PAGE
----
Imagine the sound mixing desk in a concert hall controlled not by a technician manipulating hundreds of knobs and sliders, but by pointing to speakers and changing volume and tone with the movement of an arm. This futuristic orchestra conductor is being made reality by the work of researchers in the school of music at the University of Leeds.
Dr Kia Ng of the Interdisciplinary Centre for Scientific Research in Music is developing ways of capturing human movement in three dimensions and using it to instruct computers to control or create music.
Ultimately the technique could also be used for everyday tasks like scrolling a web page with the movement of a hand, which could be especially useful for people with restricted mobility.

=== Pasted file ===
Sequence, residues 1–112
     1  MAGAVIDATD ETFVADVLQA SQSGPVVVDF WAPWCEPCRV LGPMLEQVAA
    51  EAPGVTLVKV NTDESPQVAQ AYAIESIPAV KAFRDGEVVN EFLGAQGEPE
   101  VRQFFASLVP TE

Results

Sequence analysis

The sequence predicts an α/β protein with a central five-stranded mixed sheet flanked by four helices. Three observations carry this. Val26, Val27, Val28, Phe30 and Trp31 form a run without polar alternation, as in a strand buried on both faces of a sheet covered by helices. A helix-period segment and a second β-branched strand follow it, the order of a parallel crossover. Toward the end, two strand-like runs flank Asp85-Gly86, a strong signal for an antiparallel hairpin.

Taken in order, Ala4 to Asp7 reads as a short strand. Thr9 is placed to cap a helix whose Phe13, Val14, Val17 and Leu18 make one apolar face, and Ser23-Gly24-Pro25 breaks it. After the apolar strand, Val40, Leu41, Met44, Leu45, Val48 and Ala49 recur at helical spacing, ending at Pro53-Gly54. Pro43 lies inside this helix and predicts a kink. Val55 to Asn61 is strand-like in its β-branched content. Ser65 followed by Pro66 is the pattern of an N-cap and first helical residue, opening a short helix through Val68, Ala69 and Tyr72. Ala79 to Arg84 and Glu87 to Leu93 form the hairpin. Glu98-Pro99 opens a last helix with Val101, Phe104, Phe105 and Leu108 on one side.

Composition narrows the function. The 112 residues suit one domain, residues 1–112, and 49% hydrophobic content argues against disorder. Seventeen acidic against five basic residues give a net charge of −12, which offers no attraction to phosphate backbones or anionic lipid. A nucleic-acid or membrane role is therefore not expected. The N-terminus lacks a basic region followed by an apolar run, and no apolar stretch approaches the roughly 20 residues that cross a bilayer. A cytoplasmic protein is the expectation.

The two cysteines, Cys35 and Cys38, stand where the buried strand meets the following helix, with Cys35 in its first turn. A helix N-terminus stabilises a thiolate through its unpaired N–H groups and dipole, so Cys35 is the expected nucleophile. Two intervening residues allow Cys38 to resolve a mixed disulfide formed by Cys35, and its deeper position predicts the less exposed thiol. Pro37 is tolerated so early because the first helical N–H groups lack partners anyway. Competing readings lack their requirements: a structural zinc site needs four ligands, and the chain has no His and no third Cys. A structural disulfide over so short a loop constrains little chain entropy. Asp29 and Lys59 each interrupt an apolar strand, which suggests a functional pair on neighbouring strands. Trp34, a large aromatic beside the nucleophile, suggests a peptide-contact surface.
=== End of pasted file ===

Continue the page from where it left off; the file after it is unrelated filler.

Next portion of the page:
To capture 3-D movement, infra-red light is projected onto tiny reflective balls attached to clothing and monitored with cameras. The changing position of the balls is determined by triangulation and the computer recognises the movement as a gesture which it turns into instructions for music software.
Vanessa Bridge | alfa
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